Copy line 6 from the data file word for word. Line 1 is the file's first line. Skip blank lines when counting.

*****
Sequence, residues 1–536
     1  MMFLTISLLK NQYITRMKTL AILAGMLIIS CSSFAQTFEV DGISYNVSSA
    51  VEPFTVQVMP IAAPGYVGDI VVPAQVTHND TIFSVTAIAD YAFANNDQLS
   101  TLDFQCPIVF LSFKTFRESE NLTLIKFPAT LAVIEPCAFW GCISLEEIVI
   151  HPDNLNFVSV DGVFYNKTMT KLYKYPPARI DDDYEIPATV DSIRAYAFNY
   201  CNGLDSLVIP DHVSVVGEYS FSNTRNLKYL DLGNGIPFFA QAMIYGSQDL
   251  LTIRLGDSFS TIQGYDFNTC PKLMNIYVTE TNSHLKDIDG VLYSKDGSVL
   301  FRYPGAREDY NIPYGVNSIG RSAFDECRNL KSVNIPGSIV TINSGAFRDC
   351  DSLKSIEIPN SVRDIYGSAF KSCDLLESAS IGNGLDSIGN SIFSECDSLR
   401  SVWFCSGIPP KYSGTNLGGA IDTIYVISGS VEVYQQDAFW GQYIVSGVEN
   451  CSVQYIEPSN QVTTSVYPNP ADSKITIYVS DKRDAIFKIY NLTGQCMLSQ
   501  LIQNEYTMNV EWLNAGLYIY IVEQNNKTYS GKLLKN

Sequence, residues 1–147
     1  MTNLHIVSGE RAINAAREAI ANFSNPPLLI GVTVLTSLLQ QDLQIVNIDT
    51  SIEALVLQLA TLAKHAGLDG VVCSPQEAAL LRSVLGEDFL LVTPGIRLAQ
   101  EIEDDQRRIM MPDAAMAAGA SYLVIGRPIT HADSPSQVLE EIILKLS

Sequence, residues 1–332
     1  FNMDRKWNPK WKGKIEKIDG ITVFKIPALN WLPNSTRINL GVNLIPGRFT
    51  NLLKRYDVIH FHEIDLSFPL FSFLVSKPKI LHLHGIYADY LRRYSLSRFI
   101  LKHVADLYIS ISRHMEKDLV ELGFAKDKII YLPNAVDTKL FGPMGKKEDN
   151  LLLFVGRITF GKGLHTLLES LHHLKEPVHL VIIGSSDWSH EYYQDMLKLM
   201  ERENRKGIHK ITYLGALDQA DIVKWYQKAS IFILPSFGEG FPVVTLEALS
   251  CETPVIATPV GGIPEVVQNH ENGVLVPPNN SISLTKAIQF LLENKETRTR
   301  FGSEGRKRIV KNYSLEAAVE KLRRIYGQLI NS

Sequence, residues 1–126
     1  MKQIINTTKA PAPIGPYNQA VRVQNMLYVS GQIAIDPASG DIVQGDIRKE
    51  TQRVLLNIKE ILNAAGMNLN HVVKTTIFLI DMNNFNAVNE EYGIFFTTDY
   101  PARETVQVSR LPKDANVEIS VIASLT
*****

   201  CNGLDSLVIP DHVSVVGEYS FSNTRNLKYL DLGNGIPFFA QAMIYGSQDL